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December 18, 2005

Read the speech so you don't have to watch it.

My review: Two snaps down.
Categories: Blogs

When the apocalypse comes... thread me.

Categories: Blogs
Took a few real questions:

Facing tough questions from battle-weary troops, Vice President Dick Cheney on Sunday cited signs of progress in Iraq and signaled that force changes could come in 2006.

Cheney rode the wave of last week's parliamentary elections during a 10-hour surprise visit to Iraq that aimed to highlight progress at a time when Americans question the mission. Military commanders and top government officials offered glowing reports, but the rank-and-file troops Cheney met did not seem to share their enthusiasm.

"From our perspective, we don't see much as far as gains," said Marine Cpl. Bradley Warren, the first to question Cheney in a round-table discussion with about 30 military members. "We're looking at small-picture stuff, not many gains. I was wondering what it looks like from the big side of the mountain - how Iraq's looking."

Cheney replied that remarkable progress has been made in the last year and a half.

"I think when we look back from 10 years hence, we'll see that the year '05 was in fact a watershed year here in Iraq," the vice president said. "We're getting the job done. It's hard to tell that from watching the news. But I guess we don't pay that much attention to the news."

Another Marine, Cpl. R.P. Zapella, asked, "Sir, what are the benefits of doing all this work to get Iraq on its feet?"

Cheney said the result could be a democratically elected Iraq that is unified, capable of defending itself and no longer a base for terrorists or a threat to its neighbors. "We believe all that's possible," he said.

Although he said that any decision about troop levels will be made by military commanders, Cheney told the troops, "I think you will see changes in our deployment patterns probably within this next year."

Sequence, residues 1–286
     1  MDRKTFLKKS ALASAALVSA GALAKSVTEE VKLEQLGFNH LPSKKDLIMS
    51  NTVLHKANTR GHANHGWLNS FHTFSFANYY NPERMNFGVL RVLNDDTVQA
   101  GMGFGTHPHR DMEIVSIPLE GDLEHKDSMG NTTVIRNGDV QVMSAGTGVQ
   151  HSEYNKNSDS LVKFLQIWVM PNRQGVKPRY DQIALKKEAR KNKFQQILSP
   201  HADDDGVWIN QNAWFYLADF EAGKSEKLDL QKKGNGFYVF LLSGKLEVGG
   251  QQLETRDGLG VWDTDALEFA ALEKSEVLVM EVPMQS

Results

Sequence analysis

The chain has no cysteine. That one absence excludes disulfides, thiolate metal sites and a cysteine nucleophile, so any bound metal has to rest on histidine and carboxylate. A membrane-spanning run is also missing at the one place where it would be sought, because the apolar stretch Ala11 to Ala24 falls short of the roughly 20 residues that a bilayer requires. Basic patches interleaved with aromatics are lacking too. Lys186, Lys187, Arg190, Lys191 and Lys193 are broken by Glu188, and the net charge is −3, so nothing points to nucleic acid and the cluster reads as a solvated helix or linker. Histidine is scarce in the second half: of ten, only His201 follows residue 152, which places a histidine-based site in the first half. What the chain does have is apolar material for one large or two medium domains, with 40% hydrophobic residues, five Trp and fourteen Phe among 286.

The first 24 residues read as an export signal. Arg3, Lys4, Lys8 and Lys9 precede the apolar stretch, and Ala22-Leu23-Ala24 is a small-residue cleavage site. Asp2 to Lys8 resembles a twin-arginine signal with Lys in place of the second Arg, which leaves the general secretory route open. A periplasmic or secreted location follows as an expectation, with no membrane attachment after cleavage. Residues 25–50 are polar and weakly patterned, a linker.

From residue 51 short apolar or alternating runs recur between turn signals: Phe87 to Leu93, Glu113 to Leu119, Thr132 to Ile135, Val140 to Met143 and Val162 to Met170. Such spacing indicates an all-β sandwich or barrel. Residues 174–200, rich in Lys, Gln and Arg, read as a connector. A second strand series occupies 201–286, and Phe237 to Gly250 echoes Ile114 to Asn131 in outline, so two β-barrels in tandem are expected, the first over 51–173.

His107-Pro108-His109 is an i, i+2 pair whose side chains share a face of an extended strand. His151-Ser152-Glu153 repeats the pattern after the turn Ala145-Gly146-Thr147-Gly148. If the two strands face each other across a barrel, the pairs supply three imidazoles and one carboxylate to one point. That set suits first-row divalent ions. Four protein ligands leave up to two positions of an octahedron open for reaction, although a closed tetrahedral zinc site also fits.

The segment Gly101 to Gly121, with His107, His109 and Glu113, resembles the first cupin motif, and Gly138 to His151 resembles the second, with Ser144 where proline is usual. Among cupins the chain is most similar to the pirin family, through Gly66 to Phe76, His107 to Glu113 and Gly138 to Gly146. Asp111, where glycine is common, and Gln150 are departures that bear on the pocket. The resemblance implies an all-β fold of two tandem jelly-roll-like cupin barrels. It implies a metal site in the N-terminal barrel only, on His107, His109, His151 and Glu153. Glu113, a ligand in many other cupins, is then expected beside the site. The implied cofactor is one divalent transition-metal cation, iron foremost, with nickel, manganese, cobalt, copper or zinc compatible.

Shouts of "hooah!" from the audience interrupted Cheney a few times, but mostly the service members listened intently. When he delivered the applause line, "We're in this fight to win. These colors don't run," the only sound was a lone whistle.

Of course the Veep is nowhere in the chain of command so they didn't need to fear his snarl.
Categories: Blogs

Where do we go from here? When does the thread appear?

Categories: Blogs
Categories: Blogs

December 16, 2005


WASHINGTON, D.C. - Rep. George Miller (D-CA) said today it was imperative for a federal special counsel to be appointed immediately to investigate allegations that the Bush Administration secretly authorized and conducted domestic spying without court orders beginning in 2002.

The New York Times reported today that the President secretly signed an executive order in 2002 to allow the National Security Agency to conduct secret surveillance within the United States on American citizens and others without first obtaining a court order or presenting evidence to justify the surveillance. The executive order was signed even after Congress had approved the controversial Patriot Act, which greatly expanded the government's power to conduct surveillance within the United States. The secret executive order appears to have allowed even greater domestic surveillance than Congress approved.

"I am deeply troubled that the President of the United States may have secretly ordered his intelligence agents to spy on Americans without obtaining court orders," said Miller, Chairman of the Democratic Policy Committee. "Congress had already broadened the powers of the Administration to fight terrorism through the gathering of intelligence, but now it is alleged that the President went even further and secretly ordered the NSA to conduct domestic spying in a manner that may be both unconstitutional and illegal.

"Because the United States Attorney General, Alberto Gonzales, would have been intimately involved with drafting this covert policy in his former role as White House Counsel, I do not believe he can be truly impartial in investigating this matter. The Attorney General should recuse himself from the case and immediately appoint a special counsel to fully determine the truth," Miller said. "Congress and the American people need to know whether laws were broken, and if so who was responsible for it.

"Fighting terrorists is essential," Miller added. "No one disagrees with that. But allowing anyone to eviscerate America's freedoms and liberties undermines our security and greatness as a nation. In the battle against international terrorism, America has faced a terrifying and deadly enemy, but it has also suffered a great loss in its stature as a result of the use of torture and degrading treatment against foreign prisoners and the use of unapproved espionage. We must not lose ourselves as a nation as we fight to protect ourselves."
Categories: Blogs
Haven't posted a good Cafferty rant in awhile:

You want to invade people's civil liberties without even considering the legal consequences? Just do it. Who cares about the accuracy of WMD intelligence. You want to invade Iraq? Just do it. What a joke.
Categories: Blogs
You Listen: